Happy memories can last forever.
Trick-or-treating has changed so much since my participation of it when I was a child. When I was child, we didn't go trick-or-treating at the mall. Everyone in our neighbourhood would have an early dinner so that Hallowe'en festivities could begin earlier in the evening. Porch lights would be off until dinner was over and as soon as it was, it almost seemed like everything was in sync. Porch lights just came on one after another within seconds and minutes.
Now when I shop for a costume for my daughter, I take into consideration that she will be trick-or-treating on a typical chilly end-of-October evening. When I was a child, there really wasn't the option of getting a warm costume. I mean the idea of a costume that could function as a disguise as well as keep you warm was not common at all. I recall one year when I was so excited that my father had bought me a Cinderella costume. I was thrilled that I was going to be able to go out and show everyone my blue gown and the mask that came with it. Unfortunately, it was a rainy and cold Hallowe'en night, and I was unable to wear my costume without my big coat over it. My parents just wouldn't let me leave the house in just my thin vinyl costume and insisted that I wear a coat. I resisted. I even tried to wear the coat under the gown, but it just wouldn't fit. Unfortunately, they won. When the choices were put on the coat or stay home, resistance was futile. I put my costume on and then my coat and remembered thinking to myself that I looked ridiculous. However, my father made me feel better. He reassured me that everyone would know I was Cinderella because he would pick out the shortest warm jacket that I had and make sure that everyone could still see most of my gown beneath my jacket. I still wanted to be able to show off all of my Cinderella gown, but I settled for being able to see the lower part of it.
We left the house together like we had done in previous years. My father was usually the one that took us around the neighbourhood while my mom stayed home to hand out candy. He would take us all around the neighbourhood and admire the fireworks that were being set off by our neighbours. I remember him keeping us safe and reminding us not to get too close. I remember him carrying extra bags for us to transfer our candy into so that our trick-or-treating buckets would never get too heavy so that we could keep going longer. It was an amazing night. Our arrival back home would start off with my mom greeting us at the door and telling us to say "trick-or-treat" so that she could give us a special treat as well. Then there would always be a box of sparklers that my father had bought for us to light up and run around on the front lawn with.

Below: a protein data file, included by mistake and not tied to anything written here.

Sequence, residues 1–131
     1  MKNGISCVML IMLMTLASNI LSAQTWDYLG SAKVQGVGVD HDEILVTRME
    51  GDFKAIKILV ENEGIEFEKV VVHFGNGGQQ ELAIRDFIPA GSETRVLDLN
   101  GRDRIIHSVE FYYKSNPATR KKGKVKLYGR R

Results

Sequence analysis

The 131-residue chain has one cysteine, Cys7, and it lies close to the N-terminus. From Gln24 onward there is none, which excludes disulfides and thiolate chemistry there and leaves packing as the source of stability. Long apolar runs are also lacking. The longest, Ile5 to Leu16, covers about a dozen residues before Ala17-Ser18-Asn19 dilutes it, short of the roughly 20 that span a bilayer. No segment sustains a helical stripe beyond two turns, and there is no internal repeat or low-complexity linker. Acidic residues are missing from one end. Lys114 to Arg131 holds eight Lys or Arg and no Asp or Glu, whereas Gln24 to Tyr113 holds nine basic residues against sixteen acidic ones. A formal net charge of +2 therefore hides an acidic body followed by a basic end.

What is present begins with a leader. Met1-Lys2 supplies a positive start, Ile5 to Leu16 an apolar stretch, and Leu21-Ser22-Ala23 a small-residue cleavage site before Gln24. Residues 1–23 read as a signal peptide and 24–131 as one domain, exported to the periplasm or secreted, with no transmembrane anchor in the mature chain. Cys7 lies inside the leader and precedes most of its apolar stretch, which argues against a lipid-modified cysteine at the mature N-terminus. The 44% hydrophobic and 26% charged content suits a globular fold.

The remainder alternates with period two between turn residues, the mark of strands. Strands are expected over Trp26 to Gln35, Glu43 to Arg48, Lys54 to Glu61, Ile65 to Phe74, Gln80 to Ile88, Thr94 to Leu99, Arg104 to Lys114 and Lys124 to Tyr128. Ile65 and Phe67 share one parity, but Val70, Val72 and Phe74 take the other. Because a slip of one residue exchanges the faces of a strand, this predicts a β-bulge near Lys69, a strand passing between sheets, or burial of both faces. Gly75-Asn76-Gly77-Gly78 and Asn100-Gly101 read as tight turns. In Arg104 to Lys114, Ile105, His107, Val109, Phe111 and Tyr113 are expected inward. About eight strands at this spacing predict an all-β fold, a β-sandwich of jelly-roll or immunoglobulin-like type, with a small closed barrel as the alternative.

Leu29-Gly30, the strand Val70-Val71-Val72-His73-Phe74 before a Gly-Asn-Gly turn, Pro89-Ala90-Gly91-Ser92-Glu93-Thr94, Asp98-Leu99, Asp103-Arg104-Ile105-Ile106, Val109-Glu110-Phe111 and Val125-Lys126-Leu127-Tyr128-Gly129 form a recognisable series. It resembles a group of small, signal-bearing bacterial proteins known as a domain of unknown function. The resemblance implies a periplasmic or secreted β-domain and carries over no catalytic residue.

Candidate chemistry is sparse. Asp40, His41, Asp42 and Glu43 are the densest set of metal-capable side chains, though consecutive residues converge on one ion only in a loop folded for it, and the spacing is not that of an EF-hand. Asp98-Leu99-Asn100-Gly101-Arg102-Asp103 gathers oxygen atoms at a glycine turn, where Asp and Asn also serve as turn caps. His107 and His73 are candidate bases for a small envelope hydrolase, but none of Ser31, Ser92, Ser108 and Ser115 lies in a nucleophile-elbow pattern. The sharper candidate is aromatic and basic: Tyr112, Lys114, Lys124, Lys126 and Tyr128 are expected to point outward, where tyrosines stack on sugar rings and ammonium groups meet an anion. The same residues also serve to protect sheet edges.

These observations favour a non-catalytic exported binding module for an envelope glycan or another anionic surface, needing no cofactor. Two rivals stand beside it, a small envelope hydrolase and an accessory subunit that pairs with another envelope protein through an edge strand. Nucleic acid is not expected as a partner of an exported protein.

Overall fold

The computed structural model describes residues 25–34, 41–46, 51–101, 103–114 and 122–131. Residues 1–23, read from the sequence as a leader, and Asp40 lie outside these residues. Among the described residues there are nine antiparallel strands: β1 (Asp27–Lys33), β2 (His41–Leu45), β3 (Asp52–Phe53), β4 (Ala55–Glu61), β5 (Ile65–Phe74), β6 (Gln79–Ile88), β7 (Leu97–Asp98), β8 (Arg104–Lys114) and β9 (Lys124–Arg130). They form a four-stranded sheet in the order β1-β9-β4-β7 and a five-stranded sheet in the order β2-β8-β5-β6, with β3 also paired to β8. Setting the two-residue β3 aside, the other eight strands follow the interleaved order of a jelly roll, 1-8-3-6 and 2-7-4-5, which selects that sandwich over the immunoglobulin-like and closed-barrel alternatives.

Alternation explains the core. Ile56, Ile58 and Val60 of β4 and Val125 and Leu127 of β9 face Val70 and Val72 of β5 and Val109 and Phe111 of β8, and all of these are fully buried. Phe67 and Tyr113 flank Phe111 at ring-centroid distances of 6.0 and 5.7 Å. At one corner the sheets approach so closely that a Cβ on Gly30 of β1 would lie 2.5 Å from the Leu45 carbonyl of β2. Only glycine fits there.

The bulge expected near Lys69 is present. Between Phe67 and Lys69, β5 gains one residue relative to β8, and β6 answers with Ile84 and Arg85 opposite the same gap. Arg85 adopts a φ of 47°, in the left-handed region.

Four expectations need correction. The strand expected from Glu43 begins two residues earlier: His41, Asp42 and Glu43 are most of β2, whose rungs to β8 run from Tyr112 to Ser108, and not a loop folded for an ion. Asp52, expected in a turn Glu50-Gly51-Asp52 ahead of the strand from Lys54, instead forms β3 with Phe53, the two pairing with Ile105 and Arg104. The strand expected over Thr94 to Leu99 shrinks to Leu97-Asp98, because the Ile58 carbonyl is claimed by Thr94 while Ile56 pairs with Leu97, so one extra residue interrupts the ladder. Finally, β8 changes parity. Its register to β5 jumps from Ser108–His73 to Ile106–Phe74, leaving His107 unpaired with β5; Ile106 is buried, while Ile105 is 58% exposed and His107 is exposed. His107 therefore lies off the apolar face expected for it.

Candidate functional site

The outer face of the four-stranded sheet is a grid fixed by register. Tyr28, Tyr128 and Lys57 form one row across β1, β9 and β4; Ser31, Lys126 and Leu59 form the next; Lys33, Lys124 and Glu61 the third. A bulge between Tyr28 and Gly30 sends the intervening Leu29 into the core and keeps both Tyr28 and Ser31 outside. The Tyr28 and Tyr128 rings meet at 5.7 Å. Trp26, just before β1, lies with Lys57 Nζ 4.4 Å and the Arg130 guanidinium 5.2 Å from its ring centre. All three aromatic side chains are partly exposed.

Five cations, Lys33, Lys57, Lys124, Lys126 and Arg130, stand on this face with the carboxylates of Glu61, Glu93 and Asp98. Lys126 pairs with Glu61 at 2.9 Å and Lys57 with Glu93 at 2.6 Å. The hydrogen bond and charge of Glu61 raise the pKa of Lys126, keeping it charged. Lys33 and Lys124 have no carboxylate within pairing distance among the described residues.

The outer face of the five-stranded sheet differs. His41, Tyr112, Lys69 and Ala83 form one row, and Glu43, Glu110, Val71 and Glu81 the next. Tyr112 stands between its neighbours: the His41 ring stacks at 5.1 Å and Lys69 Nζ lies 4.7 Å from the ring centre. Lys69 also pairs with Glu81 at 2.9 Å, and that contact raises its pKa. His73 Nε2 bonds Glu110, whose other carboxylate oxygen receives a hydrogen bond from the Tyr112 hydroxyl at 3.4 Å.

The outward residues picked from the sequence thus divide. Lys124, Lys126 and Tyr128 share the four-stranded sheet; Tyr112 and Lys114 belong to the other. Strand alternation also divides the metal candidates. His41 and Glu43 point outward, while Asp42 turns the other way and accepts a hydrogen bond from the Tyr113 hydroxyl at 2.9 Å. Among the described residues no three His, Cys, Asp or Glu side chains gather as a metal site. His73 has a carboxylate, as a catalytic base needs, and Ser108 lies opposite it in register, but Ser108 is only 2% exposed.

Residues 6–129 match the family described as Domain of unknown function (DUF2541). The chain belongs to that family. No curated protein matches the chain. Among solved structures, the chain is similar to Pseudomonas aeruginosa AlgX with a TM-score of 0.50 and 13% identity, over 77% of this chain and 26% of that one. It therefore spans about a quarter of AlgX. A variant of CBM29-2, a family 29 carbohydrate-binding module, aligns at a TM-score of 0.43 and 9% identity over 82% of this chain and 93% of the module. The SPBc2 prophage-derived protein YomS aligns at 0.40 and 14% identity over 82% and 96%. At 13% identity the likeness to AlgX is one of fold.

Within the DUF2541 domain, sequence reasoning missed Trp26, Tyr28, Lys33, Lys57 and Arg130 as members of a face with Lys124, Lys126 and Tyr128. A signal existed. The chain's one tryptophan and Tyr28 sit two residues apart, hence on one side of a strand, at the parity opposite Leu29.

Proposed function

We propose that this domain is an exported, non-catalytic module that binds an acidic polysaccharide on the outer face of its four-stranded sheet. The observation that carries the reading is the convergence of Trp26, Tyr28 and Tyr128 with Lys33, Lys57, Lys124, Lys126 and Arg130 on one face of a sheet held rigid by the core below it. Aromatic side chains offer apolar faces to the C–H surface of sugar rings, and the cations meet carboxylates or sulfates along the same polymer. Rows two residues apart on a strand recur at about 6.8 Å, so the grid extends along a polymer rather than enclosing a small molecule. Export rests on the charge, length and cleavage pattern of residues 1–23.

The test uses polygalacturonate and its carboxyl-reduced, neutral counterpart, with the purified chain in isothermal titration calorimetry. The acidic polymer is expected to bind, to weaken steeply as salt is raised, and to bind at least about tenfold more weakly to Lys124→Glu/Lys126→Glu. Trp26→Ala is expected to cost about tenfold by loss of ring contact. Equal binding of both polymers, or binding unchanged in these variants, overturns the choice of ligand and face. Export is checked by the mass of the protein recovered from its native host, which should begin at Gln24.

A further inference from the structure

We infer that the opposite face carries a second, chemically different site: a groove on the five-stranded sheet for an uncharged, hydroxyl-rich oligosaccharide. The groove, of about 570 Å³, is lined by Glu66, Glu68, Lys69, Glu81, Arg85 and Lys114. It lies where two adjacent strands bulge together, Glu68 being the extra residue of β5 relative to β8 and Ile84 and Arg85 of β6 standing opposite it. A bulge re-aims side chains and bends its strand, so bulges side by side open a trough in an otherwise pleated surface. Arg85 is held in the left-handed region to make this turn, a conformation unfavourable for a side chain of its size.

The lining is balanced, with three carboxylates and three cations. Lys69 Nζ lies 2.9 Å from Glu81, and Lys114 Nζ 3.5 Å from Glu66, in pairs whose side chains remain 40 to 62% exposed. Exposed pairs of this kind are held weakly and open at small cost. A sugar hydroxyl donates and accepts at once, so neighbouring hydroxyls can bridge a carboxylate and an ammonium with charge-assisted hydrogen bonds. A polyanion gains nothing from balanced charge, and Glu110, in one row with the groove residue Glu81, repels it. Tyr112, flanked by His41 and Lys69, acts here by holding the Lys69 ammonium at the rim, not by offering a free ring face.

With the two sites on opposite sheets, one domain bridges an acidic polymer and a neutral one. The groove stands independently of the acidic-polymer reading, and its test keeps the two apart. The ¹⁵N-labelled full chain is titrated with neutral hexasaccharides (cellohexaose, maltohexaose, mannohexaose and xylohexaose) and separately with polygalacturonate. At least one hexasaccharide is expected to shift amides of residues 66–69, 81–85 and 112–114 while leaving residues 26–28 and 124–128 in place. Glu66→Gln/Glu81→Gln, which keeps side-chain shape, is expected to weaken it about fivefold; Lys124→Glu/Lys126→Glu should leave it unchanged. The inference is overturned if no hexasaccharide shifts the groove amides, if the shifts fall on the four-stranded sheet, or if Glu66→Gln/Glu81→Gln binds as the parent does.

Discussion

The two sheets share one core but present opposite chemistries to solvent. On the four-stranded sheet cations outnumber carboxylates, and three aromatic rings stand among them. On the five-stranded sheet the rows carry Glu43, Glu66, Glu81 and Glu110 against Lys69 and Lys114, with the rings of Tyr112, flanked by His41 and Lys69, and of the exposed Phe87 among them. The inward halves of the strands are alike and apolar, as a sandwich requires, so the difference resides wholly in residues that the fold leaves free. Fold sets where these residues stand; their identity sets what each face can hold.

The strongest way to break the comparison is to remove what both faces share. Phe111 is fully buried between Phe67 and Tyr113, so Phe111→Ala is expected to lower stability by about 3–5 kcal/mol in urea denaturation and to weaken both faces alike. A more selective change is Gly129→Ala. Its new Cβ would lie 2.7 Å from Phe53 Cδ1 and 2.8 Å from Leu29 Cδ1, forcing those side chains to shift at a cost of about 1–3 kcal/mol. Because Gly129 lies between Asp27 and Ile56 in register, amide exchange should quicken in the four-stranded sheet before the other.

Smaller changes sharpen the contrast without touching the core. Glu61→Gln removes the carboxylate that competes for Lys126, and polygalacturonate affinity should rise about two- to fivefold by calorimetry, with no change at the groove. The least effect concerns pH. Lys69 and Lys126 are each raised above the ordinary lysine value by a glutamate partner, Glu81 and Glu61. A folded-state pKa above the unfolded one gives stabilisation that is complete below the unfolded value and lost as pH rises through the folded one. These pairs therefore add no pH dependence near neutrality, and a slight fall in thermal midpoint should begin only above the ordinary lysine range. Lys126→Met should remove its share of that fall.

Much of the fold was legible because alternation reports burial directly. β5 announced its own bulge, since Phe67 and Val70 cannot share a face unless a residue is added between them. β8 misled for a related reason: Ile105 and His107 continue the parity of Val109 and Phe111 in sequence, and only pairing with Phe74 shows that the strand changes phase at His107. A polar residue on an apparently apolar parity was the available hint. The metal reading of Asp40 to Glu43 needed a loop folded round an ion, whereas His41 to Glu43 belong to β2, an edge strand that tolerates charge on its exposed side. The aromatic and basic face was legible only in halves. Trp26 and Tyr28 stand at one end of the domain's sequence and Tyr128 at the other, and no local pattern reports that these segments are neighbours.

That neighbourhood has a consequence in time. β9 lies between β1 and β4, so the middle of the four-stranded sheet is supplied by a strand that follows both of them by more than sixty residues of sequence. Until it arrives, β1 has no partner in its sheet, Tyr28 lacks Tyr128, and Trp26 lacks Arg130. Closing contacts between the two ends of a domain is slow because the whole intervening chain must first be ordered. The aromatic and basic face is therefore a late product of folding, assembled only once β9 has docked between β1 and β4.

Soon enough, it got late and it was time to go inside. Removing my Cinderella costume and mask was a relief at this point as it was hot trying to keep them on for a couple hours. I was glad to take them off. There really wasn't much breathing space behind mask, and I remember briefly thinking that I really hadn't needed my coat as I would have definitely survived without it. However, that momentary thought was trumped by the joy and excitement of knowing that I could now check out everything that I had gotten from trick-or-treating. Running up the stairs and straight to the kitchen table, I emptied everything in my bucket and bags. Together, we would go through everything to check that all the packages were intact and unopened. There were so many different goodies, and we would always be able to choose just one item from our loot to eat right away. My favourite to this day was the roll of Rockets that I could slowly savour one piece at a time. The rest had to be put in a bag and saved for later.
It's funny how this particular Hallowe'en stuck after all these years. I think it's because of the shift of emotions that occurred from the beginning of the night to the end of it. At one point, all that mattered was that I got to show off my Cinderella costume, but in the end, it didn't matter at all. What mattered and was the most significant were the memories of the events that happened every year when the evening started and ended -- the spending time with my father, the watching of fireworks, the coming home to play with sparklers, the examining of our candy and the being allowed to have just one piece of our choice before brushing our teeth and going to bed. These expected joys that I knew would happen each year were the things that mattered most and will always be treasured.
These are the kinds of memories that we hope to give our kids.